Naomi Sims, who died over the weekend, has been identified in the media as the “first black supermodel” – largely because of her appearance on a 1968 cover of Ladies’ Home Journal.
But Robin Givhan at The Root says the supermodel label does Sims a “huge disservice.”
That wasn’t Sims. She was not known for her strut or her attitude or for throwing any sort of communication devices at the help. And her relatively short career of only about five years preceded the 24-hour news cycle when a model’s love life or her various temper tantrums could be cocktail chatter.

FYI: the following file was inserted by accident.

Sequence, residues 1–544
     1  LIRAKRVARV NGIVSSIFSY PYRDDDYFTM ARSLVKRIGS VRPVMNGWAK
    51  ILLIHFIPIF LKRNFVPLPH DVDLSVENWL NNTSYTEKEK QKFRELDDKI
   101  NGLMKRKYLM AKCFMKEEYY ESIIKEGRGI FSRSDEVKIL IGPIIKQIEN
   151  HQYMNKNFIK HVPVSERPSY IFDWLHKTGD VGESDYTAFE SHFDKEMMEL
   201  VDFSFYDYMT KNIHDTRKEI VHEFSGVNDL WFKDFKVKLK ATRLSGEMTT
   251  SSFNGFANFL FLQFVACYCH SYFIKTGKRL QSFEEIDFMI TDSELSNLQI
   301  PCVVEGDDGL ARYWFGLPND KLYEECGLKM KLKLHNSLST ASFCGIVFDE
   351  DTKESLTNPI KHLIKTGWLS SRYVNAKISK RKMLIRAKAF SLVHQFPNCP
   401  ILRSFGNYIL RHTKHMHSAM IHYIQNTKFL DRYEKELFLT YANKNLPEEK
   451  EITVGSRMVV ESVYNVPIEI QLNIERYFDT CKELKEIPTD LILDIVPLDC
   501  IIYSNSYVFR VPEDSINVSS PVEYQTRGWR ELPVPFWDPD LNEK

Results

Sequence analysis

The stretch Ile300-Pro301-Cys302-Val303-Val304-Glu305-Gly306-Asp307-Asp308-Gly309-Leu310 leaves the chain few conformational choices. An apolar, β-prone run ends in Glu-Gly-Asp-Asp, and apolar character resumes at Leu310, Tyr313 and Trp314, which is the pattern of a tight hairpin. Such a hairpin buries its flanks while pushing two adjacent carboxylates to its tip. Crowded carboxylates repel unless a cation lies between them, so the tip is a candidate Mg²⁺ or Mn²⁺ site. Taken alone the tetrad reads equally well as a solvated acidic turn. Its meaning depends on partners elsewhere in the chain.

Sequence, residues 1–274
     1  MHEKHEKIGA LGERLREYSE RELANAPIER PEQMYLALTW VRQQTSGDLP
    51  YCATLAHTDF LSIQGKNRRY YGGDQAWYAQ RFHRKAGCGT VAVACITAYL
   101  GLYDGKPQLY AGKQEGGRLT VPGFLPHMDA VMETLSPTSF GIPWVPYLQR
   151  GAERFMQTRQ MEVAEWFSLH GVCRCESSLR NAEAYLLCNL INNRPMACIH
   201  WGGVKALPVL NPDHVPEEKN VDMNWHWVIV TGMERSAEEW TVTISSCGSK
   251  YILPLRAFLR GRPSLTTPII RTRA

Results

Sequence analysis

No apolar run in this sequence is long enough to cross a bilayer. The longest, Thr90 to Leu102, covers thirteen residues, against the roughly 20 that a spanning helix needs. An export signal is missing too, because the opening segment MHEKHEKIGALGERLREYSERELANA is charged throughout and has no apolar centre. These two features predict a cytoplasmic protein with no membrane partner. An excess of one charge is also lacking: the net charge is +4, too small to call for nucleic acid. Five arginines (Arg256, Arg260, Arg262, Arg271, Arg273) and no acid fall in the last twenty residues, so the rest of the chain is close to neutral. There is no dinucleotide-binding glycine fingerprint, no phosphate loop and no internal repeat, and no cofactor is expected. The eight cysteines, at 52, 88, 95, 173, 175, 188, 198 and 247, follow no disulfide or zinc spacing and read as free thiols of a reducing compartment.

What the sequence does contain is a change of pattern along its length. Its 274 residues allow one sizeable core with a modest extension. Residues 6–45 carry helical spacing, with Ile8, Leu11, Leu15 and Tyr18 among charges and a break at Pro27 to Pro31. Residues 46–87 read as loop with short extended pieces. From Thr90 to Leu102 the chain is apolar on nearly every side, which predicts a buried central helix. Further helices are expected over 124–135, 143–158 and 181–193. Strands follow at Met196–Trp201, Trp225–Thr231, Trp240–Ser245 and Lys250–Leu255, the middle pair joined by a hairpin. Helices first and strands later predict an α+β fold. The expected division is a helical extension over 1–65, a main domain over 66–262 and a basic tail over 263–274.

Appearing on the cover of Ladies’ Home Journal–and Life magazine, too–was not some esoteric coup noted only by the fashion-obsessed. It was a cultural revelation. Sims pushed black beauty into the mainstream in a way that was more provocative and resonant than a million “black issues” of Italian Vogue.
Sims was also a successful businesswoman with a line of wigs aimed at African-American women. She was a model-turned-entrepreneur long before Tyra Banks ever uttered the word “fierce,” long before Banks was even born.
For more on Sims, check out this post from Shark Fu.